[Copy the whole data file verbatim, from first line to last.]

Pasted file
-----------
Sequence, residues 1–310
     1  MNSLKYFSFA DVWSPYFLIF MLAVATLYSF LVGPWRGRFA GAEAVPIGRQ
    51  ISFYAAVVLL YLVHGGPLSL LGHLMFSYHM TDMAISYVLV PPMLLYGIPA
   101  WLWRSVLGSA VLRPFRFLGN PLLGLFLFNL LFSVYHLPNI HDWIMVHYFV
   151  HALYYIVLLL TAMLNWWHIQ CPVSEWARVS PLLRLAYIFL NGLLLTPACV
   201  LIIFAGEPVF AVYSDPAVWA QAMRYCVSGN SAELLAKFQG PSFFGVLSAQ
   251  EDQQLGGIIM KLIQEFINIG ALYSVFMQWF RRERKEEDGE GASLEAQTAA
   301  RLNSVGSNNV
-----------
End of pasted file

Sequence, residues 1–310
     1  MNSLKYFSFA DVWSPYFLIF MLAVATLYSF LVGPWRGRFA GAEAVPIGRQ
    51  ISFYAAVVLL YLVHGGPLSL LGHLMFSYHM TDMAISYVLV PPMLLYGIPA
   101  WLWRSVLGSA VLRPFRFLGN PLLGLFLFNL LFSVYHLPNI HDWIMVHYFV
   151  HALYYIVLLL TAMLNWWHIQ CPVSEWARVS PLLRLAYIFL NGLLLTPACV
   201  LIIFAGEPVF AVYSDPAVWA QAMRYCVSGN SAELLAKFQG PSFFGVLSAQ
   251  EDQQLGGIIM KLIQEFINIG ALYSVFMQWF RRERKEEDGE GASLEAQTAA
   301  RLNSVGSNNV